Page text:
Next book reading will be on the novels of Alexander Baron with Susie Thomas. The novelist Alexander Baron (1917-1999) was born into a working class Jewish home in Hackney, joined the Communist Party as a young man, saw the thick of battle in Sicily and Normandy, and became one of the most admired writers of post-war Britain. His first novel, From the City, From the Plough, was acclaimed as the definitive novel of the Second World War, the first of a trilogy including There’s No Home and The Human Kind.

Susie Thomas has taught Baron’s novels for many years and is the reviews editor for The Literary London Journal. Andrew … More

Night and the City is the third novel by British author Gerald Kersh, published in 1938. It is a crime thriller set in 1930s London but also deals with social realism themes in the aftermath of the Great Depression. The protagonist of the novel is Harry Fabian, a morally reprehensible spiv determined to become the top wrestling promoter in London. During the course of the novel Fabian is embroiled in various unscrupulous money-making ventures. All those around him are treated as a means to an end without exception. However, while his acts of pimping, blackmail, promoting professional wrestling, and deception are successful, the proceeds of crime soon slip from his hands.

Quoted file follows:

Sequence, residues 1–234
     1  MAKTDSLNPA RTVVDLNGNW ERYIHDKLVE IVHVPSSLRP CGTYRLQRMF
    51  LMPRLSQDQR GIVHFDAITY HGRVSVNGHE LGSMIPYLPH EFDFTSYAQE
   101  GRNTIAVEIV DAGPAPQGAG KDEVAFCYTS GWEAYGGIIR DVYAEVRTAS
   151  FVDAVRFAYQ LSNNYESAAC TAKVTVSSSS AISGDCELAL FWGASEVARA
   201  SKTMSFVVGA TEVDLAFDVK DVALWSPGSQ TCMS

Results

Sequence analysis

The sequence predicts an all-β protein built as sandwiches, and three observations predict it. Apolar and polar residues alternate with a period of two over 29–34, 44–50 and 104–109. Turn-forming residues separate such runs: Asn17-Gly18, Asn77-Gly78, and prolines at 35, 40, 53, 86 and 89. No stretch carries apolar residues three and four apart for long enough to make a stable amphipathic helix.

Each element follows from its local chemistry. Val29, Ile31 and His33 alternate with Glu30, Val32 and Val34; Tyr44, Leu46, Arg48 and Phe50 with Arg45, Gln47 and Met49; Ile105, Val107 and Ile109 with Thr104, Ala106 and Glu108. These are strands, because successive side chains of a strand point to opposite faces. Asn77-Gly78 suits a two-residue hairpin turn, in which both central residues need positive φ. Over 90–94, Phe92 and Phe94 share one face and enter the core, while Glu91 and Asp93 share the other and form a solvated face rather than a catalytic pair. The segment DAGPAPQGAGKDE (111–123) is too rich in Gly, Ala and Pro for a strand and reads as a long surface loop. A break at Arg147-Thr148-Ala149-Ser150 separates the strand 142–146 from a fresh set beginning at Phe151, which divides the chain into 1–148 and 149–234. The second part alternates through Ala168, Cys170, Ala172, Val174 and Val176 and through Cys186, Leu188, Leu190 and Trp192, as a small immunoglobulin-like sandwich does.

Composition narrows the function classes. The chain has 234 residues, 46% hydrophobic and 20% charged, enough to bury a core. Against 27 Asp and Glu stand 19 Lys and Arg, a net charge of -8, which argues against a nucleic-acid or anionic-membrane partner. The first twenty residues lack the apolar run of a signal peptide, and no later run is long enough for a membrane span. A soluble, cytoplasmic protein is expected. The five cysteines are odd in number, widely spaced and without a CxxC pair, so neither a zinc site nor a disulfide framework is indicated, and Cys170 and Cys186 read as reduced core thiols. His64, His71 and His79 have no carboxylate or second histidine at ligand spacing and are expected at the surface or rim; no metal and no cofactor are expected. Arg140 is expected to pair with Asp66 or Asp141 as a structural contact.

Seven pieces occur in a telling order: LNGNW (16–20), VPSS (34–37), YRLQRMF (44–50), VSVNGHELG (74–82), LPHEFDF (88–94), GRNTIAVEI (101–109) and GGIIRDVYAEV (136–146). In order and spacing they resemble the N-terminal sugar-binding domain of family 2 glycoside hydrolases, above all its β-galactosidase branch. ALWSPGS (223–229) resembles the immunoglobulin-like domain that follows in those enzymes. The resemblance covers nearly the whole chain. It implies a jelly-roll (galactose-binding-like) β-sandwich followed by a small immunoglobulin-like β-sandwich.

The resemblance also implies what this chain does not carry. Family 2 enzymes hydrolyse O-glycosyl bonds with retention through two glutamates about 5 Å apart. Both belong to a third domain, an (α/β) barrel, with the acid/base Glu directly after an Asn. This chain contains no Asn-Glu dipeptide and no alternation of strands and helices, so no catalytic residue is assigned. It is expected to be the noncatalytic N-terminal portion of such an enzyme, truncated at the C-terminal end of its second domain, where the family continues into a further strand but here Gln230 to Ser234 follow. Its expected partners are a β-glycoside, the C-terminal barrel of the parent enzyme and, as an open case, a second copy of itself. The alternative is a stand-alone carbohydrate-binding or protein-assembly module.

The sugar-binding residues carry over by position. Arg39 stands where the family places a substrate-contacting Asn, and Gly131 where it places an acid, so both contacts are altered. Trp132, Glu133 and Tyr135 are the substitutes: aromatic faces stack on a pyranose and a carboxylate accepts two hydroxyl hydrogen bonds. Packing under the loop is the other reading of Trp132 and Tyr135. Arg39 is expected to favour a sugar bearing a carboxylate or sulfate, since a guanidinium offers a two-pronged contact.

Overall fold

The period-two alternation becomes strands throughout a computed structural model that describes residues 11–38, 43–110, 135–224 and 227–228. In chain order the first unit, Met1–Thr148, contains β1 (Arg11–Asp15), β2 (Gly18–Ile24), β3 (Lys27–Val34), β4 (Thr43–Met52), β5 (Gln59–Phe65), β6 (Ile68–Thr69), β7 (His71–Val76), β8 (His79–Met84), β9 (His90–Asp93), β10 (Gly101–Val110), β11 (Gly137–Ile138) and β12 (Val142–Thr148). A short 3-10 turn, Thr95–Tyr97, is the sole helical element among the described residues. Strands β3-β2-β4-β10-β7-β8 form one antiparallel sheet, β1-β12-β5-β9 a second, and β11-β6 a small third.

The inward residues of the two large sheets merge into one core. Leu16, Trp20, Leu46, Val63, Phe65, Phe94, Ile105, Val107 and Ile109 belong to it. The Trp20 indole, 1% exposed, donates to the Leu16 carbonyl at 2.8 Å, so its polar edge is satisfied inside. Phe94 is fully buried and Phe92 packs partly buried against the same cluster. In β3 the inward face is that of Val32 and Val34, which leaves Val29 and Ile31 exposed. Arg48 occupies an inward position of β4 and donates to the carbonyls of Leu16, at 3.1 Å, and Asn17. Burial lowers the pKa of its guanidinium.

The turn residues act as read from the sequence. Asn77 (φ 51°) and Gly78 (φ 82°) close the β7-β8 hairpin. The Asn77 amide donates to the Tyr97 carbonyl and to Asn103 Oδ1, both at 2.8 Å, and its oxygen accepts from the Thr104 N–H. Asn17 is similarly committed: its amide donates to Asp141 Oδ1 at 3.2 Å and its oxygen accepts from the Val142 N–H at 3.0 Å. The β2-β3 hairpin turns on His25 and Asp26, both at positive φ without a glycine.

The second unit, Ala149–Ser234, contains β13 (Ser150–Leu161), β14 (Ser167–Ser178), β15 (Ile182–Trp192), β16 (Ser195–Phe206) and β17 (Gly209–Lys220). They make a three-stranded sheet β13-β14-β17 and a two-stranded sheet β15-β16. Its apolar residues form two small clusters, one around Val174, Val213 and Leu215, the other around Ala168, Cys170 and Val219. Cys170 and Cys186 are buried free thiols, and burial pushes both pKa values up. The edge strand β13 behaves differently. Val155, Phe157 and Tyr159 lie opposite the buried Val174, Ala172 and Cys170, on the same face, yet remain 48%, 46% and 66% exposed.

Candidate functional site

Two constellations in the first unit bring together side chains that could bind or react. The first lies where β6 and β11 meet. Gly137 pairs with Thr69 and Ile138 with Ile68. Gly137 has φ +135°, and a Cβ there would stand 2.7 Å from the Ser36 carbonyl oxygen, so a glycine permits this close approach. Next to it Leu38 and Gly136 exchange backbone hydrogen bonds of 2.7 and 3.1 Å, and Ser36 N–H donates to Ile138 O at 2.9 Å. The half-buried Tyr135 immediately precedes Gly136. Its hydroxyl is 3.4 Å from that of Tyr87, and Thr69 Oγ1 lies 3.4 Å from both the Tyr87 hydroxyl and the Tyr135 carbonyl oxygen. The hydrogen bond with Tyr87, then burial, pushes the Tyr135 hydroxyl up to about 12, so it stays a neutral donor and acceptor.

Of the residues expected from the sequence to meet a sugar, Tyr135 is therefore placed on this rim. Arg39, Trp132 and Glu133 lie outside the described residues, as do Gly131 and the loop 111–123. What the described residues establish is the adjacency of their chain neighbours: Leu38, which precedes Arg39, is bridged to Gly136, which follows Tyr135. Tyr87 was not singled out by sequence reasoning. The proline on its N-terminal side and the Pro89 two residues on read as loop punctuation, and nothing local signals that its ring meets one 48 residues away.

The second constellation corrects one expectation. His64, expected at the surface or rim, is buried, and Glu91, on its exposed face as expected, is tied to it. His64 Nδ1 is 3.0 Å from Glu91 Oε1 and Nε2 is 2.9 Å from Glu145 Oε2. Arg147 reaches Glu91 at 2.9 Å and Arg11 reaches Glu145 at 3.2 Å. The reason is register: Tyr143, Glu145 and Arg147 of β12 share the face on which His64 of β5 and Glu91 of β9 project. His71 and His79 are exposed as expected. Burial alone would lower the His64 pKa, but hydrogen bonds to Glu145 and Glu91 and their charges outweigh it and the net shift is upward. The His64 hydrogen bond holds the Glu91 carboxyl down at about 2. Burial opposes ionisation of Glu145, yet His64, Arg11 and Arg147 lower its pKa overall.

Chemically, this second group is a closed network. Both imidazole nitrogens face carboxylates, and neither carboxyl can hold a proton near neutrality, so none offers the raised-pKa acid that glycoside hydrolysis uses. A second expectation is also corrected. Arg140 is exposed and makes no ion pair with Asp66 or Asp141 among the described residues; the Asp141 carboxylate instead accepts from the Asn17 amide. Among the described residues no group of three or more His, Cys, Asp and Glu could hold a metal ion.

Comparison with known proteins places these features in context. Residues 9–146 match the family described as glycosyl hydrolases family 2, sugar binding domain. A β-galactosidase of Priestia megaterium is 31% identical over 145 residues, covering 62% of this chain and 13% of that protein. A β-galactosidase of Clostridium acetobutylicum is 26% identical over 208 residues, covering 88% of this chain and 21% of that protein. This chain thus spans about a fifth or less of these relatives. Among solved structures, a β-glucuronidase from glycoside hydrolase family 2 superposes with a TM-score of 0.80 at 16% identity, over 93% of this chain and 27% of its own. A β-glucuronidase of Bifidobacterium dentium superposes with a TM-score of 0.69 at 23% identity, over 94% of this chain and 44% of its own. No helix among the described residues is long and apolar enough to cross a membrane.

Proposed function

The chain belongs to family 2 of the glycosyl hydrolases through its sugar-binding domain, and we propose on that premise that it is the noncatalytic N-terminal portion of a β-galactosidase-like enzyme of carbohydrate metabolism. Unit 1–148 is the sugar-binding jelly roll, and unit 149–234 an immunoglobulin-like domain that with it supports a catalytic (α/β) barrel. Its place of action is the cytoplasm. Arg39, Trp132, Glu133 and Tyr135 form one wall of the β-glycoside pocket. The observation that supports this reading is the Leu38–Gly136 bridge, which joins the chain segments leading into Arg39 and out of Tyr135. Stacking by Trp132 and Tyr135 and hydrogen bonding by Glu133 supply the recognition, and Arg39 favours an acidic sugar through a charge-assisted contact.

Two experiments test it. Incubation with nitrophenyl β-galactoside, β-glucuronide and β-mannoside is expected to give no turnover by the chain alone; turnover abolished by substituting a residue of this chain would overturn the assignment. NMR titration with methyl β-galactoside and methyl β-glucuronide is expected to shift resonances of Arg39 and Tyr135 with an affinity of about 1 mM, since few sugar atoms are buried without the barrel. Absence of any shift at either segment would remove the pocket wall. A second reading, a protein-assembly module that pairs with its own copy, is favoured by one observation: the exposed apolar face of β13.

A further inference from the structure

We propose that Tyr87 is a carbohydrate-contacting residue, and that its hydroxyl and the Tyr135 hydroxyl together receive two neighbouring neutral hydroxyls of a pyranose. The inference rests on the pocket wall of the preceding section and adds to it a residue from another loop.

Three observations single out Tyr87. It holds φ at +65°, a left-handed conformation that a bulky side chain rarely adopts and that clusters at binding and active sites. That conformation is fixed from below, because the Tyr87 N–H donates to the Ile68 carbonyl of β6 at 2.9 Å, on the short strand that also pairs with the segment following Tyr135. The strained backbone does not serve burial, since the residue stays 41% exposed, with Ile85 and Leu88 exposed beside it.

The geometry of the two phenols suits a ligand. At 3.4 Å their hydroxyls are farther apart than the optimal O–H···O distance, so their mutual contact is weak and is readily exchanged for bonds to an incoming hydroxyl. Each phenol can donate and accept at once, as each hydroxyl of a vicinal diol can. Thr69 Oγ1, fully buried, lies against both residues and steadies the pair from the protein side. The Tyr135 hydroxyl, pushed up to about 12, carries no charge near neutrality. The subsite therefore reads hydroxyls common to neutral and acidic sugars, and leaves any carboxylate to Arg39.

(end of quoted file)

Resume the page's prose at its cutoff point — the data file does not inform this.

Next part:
Eventually his world starts to come down around him. On one side the police are closing in; on the other … More

The novelist Alexander Baron (1917-1999) was born into a working class Jewish home in Hackney, joined the Communist Party as a young man, saw the thick of battle in Sicily & Normandy, & became one of the most admired writers of post-war Britain. His first novel, From the City, From the Plough (1948), was acclaimed as the definitive novel of the Second World War, the first of a trilogy including There’s No Home (1950) & The Human Kind (1953). This was followed by a string of novels about working class life in post-war London, including The Lowlife (1963) a cult novel for many other writers ever since. In recent years his reputation has flourished with many of his fifteen novels back in print. This is the first detailed study of the man and his work.